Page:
My timetable is pretty full almost four weeks in advance, so in order for me to make plans with friends, I need to know when and where we are meeting at least a few days beforehand. It helps me with my own sense of organization and allows me to be able to plan my time.

In the last couple of years, I have added more things to my schedule and my need for concrete plans seems to have become greater. A few of my friends have even commented on it, saying I needed to “live a little” or “be in the moment” or plain “don’t be so needy” when I have insisted on a definite time.

This got me thinking that maybe I was taking my time management a little bit too far. Maybe I need to be a little less uptight. Not everyone is as busy as I am and not everyone needs to be as organized as me, so I decided to cut everyone some slack.

Read more about the value of good time management

"Yes" parenting

Angry little girlParenting can be really challenging at times. Any parent will tell you that sometimes the challenge is so big they feel out of control – not control over your kids, but control over your reactions to what your kids do or do not do. After all, you are the “captain” and it is your job to run the “ship”.

The discussion about discipline covers many topics – the rights of the parents, the strictness of the discipline, the collaboration between parents (or lack thereof), the alignment of values between home and school (or lack thereof) – the list of philosophical discussions is very long. I have found out through my workshops that parents have only that much ability to discuss the philosophical issues of parenting and most of the time, they just ask, “Ronit, what can I actually do?”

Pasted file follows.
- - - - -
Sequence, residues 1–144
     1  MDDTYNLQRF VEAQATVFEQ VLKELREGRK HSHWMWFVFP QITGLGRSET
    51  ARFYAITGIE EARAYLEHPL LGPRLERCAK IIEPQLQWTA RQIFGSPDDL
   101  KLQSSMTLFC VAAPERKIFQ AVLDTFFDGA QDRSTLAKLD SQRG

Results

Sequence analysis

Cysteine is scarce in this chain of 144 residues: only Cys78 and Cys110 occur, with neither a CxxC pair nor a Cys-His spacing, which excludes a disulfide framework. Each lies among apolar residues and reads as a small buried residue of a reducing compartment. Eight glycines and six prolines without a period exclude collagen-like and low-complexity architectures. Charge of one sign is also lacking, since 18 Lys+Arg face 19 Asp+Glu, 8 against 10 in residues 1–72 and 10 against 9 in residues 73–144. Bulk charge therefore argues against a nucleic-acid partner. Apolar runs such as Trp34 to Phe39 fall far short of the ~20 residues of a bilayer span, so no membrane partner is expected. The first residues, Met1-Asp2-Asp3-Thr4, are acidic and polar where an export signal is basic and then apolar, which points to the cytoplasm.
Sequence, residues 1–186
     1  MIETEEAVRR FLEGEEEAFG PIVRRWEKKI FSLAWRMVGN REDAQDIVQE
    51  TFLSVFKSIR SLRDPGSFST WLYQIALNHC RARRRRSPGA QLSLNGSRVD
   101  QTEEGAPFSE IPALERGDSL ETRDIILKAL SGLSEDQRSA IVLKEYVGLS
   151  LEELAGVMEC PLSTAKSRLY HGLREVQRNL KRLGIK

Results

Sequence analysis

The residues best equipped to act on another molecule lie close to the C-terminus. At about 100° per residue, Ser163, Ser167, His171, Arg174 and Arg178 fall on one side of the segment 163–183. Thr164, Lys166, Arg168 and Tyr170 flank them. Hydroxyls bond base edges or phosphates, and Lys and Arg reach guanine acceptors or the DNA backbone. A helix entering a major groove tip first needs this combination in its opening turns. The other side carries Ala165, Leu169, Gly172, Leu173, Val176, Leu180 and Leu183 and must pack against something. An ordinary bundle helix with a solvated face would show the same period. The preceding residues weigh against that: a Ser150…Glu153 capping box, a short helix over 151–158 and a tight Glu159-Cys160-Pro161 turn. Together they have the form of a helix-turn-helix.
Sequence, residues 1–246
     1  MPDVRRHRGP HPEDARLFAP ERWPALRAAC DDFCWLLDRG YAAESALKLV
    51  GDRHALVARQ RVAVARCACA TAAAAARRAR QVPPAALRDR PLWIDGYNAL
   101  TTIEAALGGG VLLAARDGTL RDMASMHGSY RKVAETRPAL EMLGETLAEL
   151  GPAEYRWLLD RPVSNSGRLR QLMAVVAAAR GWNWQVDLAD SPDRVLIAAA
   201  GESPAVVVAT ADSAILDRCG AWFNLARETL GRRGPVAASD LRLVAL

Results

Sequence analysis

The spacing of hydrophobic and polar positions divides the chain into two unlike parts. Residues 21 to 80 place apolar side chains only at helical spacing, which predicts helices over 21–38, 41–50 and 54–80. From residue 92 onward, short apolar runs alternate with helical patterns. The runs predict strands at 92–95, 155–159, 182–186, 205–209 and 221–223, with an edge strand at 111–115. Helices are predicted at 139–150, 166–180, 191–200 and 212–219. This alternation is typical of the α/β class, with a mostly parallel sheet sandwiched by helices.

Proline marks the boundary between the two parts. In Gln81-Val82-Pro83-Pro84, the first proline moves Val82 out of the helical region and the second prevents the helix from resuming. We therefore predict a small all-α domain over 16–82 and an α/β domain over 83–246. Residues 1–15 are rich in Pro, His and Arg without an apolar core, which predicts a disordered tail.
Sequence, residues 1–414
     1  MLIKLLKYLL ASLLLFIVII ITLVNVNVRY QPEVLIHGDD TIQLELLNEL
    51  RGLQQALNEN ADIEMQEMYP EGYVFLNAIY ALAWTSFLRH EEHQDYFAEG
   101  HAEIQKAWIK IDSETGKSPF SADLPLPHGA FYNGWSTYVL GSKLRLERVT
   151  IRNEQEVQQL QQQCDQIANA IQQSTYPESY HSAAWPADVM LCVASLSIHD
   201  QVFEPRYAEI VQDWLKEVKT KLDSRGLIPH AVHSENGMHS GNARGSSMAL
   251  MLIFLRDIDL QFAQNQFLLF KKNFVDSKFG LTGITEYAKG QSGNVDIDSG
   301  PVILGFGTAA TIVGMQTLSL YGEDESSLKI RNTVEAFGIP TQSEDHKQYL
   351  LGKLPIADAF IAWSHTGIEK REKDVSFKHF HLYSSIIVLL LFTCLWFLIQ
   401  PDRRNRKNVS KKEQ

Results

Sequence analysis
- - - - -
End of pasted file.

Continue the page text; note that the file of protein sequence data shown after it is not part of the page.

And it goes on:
In the first years of my work with parents, I worried about that. I said to myself that without understanding the philosophy behind things, they would not be able to manage the next challenge, but I was wrong, because parents can be awesome even if they cannot explain their theories and even if they do not have a deep understanding of the human mind. Some things just make sense to them and if they try them and they work, they just continue doing them successfully.

Today, I want to talk about a parenting technique that has worked for me like magic. It has helped me a lot not to get into arguments with my kids or with the kids I have coached.

I learned this technique from my dad – not from him being a role model of it, but from him being a role model of the opposite…

Read more about positive parenting